Bans on Critical Race Theory Threaten Free Speech, Advocacy Group Says
In K-12 public schools, the government and school boards can set curriculums. However, courts have generally held teachers don’t have the same academic freedom as students in universities. PEN argues however that many of these bills may restrict speech.
Jonathan Friedman (PEN’s director of free expression and education), said that they are alarming because of their over-breadth, ambiguity, and unpredictability. “The truth is, most administrators and general counsels will quickly say, ‘let’s not run afoul of this.'”
Erwin Chemerinsky who is a First Amendment expert as well as the dean of Berkeley’s legal school, previewed and approved the report. “Whenever the government regulates speech, it has to be clear about what’s prohibited and what’s allowed,” he said. These laws are so vaguely written that it’s difficult for teachers to tell the difference.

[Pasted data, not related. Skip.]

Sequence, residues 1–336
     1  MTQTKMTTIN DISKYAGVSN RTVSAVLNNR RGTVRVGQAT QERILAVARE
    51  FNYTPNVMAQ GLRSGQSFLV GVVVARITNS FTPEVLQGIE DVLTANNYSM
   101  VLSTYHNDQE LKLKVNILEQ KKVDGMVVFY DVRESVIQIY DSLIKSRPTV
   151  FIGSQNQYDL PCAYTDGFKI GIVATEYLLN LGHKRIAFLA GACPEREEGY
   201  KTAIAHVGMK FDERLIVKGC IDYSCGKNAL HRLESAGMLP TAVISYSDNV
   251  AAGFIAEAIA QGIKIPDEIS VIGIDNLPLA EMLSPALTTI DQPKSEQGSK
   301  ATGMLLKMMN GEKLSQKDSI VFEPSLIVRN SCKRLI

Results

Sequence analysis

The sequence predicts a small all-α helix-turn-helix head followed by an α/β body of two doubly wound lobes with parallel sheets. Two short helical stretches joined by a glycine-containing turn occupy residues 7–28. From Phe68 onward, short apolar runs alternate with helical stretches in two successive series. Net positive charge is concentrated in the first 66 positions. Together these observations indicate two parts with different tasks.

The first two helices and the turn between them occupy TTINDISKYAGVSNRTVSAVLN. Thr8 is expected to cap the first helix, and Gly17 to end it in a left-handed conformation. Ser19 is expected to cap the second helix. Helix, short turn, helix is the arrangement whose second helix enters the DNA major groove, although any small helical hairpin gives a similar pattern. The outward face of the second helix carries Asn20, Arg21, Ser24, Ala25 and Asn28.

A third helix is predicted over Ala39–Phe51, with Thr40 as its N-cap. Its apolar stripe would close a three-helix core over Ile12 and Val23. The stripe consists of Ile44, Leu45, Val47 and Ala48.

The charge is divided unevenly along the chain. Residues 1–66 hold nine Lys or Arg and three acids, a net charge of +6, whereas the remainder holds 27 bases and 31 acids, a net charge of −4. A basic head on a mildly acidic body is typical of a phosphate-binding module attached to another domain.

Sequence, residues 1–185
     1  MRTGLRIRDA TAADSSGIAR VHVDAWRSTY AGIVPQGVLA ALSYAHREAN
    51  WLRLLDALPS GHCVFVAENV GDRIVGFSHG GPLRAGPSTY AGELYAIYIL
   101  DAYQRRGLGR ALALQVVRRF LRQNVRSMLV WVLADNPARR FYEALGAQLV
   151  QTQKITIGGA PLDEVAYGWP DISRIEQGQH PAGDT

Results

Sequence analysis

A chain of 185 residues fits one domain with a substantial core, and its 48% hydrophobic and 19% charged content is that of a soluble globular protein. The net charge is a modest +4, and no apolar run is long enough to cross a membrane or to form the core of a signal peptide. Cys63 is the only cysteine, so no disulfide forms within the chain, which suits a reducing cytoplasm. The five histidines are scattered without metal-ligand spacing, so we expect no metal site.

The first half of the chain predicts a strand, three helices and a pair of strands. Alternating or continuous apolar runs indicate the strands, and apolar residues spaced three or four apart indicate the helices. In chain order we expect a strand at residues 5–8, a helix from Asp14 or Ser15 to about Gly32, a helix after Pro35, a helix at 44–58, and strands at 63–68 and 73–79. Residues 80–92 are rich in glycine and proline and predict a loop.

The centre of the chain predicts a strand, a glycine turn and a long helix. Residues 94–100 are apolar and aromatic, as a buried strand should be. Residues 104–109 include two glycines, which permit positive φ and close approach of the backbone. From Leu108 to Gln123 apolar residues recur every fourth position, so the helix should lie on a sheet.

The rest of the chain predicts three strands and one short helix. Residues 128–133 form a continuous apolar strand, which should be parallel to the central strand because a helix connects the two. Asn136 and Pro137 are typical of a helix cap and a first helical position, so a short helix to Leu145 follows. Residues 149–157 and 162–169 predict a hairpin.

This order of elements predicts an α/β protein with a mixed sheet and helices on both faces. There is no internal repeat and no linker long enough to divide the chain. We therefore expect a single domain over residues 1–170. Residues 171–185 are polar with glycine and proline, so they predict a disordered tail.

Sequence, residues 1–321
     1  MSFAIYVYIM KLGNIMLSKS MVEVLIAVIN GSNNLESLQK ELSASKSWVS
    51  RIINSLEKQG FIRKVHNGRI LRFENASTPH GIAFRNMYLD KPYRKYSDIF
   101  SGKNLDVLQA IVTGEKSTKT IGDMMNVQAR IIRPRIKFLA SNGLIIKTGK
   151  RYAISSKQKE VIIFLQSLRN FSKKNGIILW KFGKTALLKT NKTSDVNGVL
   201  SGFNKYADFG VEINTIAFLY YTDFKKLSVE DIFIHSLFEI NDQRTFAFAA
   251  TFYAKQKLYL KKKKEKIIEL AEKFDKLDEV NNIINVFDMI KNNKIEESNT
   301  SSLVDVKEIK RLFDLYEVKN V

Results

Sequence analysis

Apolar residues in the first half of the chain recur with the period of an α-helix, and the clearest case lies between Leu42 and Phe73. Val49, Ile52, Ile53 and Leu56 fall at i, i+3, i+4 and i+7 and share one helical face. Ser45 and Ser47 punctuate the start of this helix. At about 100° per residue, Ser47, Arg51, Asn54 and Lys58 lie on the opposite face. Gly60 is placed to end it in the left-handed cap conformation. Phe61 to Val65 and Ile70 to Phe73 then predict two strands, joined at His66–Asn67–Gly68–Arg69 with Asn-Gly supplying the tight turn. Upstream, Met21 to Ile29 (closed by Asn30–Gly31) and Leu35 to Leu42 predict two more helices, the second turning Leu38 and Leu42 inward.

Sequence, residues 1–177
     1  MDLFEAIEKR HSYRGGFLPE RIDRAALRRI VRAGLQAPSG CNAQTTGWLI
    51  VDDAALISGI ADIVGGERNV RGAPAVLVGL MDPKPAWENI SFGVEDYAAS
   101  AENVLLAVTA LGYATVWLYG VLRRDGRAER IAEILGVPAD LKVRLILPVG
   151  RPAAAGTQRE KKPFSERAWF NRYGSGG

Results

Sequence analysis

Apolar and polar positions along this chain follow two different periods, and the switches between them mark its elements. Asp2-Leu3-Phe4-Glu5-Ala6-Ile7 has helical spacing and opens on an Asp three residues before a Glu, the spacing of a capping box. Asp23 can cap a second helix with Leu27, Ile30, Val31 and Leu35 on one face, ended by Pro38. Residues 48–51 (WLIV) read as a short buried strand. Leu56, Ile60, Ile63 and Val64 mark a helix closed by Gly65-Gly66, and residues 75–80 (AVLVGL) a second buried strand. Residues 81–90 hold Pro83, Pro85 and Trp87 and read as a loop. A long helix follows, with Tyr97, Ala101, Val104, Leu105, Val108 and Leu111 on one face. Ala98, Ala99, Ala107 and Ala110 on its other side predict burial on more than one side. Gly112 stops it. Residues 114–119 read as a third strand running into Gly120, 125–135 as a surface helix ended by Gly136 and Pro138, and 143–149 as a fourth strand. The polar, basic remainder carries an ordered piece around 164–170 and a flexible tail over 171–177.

PEN states that nine bills specifically target critical races theory. Eleven bills ban explicit lessons based upon the 1619 Project initiative of The New York Times Magazine that explores the history and legacy of slavery. It has been adapted into an classroom curriculum.
According to PEN’s count, 11 bills are currently in law in nine different states. Sometimes these bills become laws within days. The 2021 legislative session has 18 more bills pending, while six others have been prepared for consideration in 2022.
According to PEN a majority of the bills contain language intended to affirm freedoms speech and thought. Ten bills prohibit schools or teachers from “compelling” a person to affirm belief in a “divisive concept,” while eight mandate “balanced” teaching of “controversial” topics. One Texas school official suggested last month that teachers who teach Holocaust should ensure that they have books that provide opposing views.